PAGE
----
I rode Dillon and Sue rode Jake. This gave me a chance to sort out any behavioral issues we might encounter on Dillon before Sue had to deal with him herself. Dillon was definitely "feeling his oats" as we started out. He felt like he wasn't touching the ground. I'm trying to read the map and find the trail because after all, I can't ask for extra help or anything, that would be too easy. Five minutes into the ride we lost the red trail. I admittedly lacked patience on re-orientating myself so we blasted off on the blue trail instead. I was able to pick that up on the map and all was good...for about ten more minutes. Then while pondering the best execution for a tricky hill, Sue and Jake end up in a hornet's nest. The were COVERED. Totally swarmed. So we doubled back quickly and were chased by said hornets. Finally we get rid of them. We get Sue doctored up (Thank you first Aid Kit... which even has more sting remedies now) and we plow on. Game plan change #2. The horses are a bit frantic at this point and we aren't super excited about sticking around for more hornets so while we are walking down the trail and managing our steeds, I'm reading the map again. I find a smallish loop of a couple of different color trails combined and decide to go for it. The one crucial thing I missed was the contour lines of said trail loop. Are you familiar with contour lines? They are those little lines on a map that show you the shape and grades of the hills and mountain slopes. They are pretty important if you are aiming for a nice casual, leisurely warmup ride through the woods of Oklahoma or anywhere with mountain topography.
So here we are, heading down the first major descent. I made Susan and Jake go first because there was no way in Hades that Dillon was brave enough to be the leader. Words are coming out of my mouth like "It's fine", "you can do this", "there can't be too many of these". Well let's just say, I was right on one out of three of those predictions. She could do it. It really wasn't fine and there were two straight hours of 500 ft descents and ascents ahead of us. Even following Jake, Dillon (who is no chicken by the way) was SHAKING head to toe as we did these hills. All of the playing around and yanking my chain and levitating that had been going on before we got to the hills vanished as he realized this was no game. If we were going to make it out alive he was going to have to quit jacking around, focus and use every muscle in his possession to balance. Not only were the hills steep, they were coated in round river rocks that you would slide over from time to time on your descents. The trails were so narrow and what we had just accomplished was so terrifying, turning around didn't seem like a viable option. I kept up my words of encouragement: "It's gonna get better soon." "You did so great on that last one." "If this doesn't make a trail horse out of Dillon I don't know what will" (NO SH*T!) Susan responded with basically dead silence, which if you have ever been on a trail with her you would know is super unusual. She normally has a running commentary of what is going on. I had her speechless. Completely speechless.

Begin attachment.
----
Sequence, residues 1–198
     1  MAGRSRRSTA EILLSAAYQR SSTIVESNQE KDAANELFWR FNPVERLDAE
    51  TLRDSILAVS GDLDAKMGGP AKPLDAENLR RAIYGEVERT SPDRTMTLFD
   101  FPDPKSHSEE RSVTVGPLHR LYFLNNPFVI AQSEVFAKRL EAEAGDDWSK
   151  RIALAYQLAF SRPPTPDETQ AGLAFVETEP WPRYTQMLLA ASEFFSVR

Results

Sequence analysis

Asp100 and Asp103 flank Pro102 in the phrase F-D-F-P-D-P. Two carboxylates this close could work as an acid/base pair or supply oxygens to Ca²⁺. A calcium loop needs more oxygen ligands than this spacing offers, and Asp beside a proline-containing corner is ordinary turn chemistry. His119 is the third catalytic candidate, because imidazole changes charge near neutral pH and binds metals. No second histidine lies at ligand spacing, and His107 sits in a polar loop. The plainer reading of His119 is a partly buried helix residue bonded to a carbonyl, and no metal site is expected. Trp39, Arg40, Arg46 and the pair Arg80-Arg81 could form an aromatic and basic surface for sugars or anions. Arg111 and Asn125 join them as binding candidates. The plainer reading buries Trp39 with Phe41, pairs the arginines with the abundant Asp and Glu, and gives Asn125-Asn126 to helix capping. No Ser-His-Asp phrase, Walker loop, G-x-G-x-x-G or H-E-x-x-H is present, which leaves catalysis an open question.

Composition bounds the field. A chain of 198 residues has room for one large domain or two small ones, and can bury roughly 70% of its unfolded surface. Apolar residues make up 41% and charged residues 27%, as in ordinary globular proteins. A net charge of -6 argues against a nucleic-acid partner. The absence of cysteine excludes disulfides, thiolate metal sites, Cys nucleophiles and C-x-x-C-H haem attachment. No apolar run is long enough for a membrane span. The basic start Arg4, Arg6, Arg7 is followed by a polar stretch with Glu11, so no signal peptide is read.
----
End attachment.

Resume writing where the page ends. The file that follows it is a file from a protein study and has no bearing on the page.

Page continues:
We eventually wound our way back to camp and found some semi-flat ground to start decompressing and realizing what we had just done. I'm proud to say that although both horses were drenched in sweat, we had excellent saddle fit and pre-trip conditioning in place and neither horse got sore from the adventure. We on the other hand had to slowly peel ourselves out of the saddle before sliding off and assessing whether our leg cramps would be short or long-term. We bathed the horses, put them in their pens, fed them, fed ourselves and stumbled off to bed. Both of us wondering how the two additional days of riding that were ahead of us would go.